Luis Suarez, now gracing that same shirt with aplomb is a Beardsley clone. He drops deep, he shimmies, his movement is sublime and he will get his share of goals and can dovetail with a big centre-forward

Midfield? Liverpool’s central area circa 1987 was both sturdy and creative. On the right, Ray Houghton was industrious, would tuck inside (allowing Nicol the freedom to join) and scored goals. Dirk Kuyt, in the 2011 model is all those things and at last is getting the worship from the terraces his game deserves. The centre of midfield twinned Steve McMahon with Ronnie Whelan (or sometimes the equally pragmatic Nigel Spackman). Two granite like competitors without the ball but give them it and they went from bully to ballet without flinching. Dalglish next season may well look for a similar duo in Lucas Leiva, uncomplicated, sturdy, reliable (very Whelan) alongside Steven Gerrard. The captain showed in the recent 3-1 win over Manchester United that he has the discipline to break up opposing attacks and quietly dictate the pace of a game. The player who would head in his own corners may be a thing of the past but with Lucas alongside him will have the entitlement to join, score and swashbuckle like he always has.

The main molecule in the 1987/88 team’s excitement DNA was John Barnes. A left-winger who – because of the hard working midfield to his right – would cavort with his strikers (the formation could slip between 4-4-2 and 4-3-3 seamlessly), beat men, cross, shoot (he scored 17 goals that season) and generally reek havoc. Speculation today is of Liverpool looking for a left-winger. A player who can receive a pass from Gerrard (as Barnes did from McMahon and Whelan) and get at defenders, get the ball over to strikers who relish such service. Ashley Young may be too expensive but Stewart Downing or Wolves Matt Jarvis are - unlike Young – naturally left-footed and may well fit the bill.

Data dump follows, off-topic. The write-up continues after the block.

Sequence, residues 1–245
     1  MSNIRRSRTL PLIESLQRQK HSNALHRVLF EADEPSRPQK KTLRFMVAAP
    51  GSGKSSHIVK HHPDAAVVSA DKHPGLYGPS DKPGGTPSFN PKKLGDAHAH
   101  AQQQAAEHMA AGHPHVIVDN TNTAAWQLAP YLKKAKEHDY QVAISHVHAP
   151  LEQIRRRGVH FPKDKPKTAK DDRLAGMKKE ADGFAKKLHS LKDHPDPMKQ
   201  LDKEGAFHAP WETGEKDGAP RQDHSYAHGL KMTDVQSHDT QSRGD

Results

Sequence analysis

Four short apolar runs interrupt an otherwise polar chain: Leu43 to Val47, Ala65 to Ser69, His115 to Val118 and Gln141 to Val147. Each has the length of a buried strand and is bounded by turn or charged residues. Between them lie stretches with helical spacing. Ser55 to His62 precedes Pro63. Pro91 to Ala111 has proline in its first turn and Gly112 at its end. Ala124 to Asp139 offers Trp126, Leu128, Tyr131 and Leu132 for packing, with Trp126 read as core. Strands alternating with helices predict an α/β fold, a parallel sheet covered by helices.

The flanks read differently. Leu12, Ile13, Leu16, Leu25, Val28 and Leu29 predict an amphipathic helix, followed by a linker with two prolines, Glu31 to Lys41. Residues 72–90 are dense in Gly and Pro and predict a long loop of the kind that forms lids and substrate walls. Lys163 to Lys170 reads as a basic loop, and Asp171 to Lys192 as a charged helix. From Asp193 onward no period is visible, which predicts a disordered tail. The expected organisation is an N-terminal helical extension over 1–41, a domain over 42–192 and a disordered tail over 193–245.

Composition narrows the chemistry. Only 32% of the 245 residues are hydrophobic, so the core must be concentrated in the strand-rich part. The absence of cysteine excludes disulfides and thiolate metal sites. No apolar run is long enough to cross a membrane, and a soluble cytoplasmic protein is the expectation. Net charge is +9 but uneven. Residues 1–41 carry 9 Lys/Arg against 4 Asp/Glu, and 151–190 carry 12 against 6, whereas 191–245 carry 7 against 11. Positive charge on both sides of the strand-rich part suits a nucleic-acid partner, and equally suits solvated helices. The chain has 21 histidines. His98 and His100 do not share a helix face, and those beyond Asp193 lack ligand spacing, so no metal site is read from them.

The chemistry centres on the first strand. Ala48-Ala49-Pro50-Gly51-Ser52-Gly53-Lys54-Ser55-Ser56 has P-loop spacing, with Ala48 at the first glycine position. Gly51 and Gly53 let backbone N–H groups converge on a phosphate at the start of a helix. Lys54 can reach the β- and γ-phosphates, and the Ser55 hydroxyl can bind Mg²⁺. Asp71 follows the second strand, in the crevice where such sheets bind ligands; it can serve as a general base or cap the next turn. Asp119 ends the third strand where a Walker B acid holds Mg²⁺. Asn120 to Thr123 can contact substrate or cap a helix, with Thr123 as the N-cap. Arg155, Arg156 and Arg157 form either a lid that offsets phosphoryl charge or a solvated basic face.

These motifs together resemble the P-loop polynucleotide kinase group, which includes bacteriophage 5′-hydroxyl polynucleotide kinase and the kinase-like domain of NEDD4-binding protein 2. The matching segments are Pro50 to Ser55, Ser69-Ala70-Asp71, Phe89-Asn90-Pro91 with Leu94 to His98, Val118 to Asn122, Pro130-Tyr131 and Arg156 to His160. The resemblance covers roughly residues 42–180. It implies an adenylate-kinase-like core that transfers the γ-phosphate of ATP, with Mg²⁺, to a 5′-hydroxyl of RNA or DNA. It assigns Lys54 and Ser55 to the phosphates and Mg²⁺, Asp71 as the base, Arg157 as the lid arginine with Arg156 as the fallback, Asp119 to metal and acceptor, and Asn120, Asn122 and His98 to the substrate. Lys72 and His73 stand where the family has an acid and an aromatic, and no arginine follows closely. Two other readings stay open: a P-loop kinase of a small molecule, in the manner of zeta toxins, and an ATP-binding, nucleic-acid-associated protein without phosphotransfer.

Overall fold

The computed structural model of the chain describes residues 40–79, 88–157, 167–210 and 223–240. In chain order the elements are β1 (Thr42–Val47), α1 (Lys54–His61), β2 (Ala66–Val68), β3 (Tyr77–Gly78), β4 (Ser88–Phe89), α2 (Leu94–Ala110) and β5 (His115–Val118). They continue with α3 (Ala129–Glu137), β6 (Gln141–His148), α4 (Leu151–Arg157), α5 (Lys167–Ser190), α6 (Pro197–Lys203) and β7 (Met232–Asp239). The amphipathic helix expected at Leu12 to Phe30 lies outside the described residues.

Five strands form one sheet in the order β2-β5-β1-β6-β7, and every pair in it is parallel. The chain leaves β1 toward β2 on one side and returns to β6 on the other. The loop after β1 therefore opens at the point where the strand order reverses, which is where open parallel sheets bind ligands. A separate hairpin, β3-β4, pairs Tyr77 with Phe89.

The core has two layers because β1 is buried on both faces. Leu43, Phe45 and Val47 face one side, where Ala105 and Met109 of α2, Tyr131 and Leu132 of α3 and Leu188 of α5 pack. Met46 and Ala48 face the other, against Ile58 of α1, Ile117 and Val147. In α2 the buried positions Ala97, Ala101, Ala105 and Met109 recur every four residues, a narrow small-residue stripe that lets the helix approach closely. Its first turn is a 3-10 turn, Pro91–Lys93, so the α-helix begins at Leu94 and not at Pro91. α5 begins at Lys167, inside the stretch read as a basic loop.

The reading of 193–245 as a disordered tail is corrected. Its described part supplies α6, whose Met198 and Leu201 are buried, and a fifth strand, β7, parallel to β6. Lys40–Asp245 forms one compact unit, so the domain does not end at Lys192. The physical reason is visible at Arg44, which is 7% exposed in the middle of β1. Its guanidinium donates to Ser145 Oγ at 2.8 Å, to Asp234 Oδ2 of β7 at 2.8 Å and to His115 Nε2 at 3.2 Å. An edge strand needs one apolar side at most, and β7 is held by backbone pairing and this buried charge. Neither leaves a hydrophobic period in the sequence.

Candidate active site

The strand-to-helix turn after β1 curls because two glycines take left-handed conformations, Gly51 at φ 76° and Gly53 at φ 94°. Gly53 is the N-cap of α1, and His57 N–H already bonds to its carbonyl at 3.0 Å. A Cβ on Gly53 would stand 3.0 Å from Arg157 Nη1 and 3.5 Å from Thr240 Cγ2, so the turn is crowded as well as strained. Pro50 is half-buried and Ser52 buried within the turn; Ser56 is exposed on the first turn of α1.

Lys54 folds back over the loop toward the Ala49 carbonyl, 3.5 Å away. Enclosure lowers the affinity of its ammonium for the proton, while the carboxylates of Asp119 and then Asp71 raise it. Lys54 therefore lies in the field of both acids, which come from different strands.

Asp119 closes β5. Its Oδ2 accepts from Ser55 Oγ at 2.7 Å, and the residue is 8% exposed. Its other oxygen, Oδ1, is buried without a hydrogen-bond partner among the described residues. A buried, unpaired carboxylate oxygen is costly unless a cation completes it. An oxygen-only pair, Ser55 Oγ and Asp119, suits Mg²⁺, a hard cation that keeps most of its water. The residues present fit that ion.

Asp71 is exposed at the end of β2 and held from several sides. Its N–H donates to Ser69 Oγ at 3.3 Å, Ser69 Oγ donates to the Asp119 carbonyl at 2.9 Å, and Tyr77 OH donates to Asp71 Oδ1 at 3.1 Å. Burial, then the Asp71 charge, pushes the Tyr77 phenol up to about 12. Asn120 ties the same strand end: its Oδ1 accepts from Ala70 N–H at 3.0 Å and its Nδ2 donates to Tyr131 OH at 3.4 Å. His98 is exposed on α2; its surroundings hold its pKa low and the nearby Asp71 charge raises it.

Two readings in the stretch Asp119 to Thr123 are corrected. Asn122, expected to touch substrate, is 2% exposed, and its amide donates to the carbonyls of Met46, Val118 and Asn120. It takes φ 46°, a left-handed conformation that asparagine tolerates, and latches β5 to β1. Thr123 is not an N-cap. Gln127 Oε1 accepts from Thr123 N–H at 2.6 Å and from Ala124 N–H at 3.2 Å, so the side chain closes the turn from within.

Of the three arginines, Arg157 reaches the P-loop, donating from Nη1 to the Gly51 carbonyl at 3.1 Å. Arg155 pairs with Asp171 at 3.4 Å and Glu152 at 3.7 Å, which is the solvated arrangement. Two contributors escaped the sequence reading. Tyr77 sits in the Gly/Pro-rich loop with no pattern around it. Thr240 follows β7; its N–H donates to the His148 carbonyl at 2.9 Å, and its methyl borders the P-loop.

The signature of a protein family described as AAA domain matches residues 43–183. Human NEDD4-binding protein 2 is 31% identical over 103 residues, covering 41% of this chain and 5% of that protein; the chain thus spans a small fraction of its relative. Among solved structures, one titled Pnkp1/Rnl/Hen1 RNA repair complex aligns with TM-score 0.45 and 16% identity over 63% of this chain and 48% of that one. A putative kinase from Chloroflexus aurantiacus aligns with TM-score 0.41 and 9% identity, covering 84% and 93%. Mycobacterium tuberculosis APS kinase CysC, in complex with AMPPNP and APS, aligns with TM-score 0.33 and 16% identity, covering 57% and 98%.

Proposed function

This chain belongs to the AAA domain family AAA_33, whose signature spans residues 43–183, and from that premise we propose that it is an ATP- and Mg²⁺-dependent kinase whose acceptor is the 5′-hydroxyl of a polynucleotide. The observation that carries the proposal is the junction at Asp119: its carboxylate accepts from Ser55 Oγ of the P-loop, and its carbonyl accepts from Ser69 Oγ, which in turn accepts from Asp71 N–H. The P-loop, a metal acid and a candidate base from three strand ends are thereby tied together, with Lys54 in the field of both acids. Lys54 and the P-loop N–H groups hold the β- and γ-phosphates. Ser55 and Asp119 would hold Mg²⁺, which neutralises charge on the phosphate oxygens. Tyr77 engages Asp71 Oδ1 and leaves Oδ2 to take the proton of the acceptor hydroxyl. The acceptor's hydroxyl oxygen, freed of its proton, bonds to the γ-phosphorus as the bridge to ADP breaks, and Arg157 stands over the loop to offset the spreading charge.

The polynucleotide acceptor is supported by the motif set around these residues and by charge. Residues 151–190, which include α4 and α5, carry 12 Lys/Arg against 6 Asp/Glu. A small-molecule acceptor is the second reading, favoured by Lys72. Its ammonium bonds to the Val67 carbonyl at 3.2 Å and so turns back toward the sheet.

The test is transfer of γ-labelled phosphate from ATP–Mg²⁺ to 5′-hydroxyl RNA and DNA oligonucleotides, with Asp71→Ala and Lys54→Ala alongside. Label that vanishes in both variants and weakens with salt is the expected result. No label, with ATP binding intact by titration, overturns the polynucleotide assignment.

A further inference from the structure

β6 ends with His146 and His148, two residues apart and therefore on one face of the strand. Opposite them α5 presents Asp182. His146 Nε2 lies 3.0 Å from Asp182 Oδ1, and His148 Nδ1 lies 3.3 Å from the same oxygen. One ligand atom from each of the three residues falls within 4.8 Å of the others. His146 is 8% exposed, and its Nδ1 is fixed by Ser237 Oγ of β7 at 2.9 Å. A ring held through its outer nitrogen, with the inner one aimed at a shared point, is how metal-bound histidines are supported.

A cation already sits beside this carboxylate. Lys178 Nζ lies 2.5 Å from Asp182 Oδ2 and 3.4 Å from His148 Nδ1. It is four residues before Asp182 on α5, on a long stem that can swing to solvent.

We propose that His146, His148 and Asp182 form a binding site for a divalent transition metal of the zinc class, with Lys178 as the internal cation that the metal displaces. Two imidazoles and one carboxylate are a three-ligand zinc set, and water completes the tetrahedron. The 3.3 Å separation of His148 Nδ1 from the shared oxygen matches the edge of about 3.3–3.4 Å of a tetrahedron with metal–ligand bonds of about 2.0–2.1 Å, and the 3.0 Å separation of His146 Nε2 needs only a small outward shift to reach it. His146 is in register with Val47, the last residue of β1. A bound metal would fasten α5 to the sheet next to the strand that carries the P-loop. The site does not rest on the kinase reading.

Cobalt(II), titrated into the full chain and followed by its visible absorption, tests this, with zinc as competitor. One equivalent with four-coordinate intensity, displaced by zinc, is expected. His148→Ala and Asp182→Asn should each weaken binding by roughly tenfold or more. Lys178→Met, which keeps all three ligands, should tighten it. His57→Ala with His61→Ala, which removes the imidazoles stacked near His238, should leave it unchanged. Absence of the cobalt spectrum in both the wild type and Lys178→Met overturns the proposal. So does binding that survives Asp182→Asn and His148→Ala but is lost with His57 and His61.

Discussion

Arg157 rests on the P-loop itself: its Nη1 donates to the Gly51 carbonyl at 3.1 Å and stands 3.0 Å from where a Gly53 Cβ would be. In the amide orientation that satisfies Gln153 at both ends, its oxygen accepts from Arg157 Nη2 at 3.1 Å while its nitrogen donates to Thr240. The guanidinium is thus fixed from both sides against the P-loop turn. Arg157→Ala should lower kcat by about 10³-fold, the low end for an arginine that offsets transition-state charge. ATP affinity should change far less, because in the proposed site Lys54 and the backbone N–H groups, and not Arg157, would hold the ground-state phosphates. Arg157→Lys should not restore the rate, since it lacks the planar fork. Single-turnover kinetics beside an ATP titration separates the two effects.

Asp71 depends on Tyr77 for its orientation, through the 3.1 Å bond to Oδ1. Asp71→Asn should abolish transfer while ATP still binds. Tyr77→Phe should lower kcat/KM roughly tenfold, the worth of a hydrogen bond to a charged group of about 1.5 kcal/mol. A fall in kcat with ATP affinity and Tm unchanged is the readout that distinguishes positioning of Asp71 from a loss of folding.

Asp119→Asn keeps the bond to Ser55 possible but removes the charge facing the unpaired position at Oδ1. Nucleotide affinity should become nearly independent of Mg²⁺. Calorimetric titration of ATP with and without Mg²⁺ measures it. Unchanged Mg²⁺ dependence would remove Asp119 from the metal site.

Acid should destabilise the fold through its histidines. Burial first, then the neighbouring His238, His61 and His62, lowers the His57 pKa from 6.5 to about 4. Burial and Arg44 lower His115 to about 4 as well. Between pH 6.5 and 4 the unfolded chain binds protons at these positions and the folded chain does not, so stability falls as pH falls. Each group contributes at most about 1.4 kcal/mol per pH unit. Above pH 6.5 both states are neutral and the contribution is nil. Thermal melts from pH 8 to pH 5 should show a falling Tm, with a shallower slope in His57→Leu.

So what of those strikers? Back in 1987, a young fan would risk ink stained hands before school furiously skimming the tabloids backpages looking to see who Dalglish would choose as Rush’s replacement. It took months of speculation. Leicester’s Alan Smith, Juventus’ Michael Laudrop, Celtic’s Brian McClair. All were reported to be Kenny’s man. None was. Instead the Scot opted for a scouser banging them in at Oxford. John Aldridge to many was a Rush replica, a doppelganger who would fit right in. In fact Aldridge was different to Rush. Sure he was predatory and scored for fun but he was less pacey than Rush, liked to hold the ball up and get on the end of crosses (Rush thrived on through balls and getting behind defenders). Dalglish had a plan. Barnes arrived so there’s Aldridge’s service from wide areas covered, but he also spent a then British record £1.9m on Peter Beardsley from Newcastle, a diminutive and skillful second striker more than worthy of the player-manager’s (technically he was that until 1990) number seven shirt.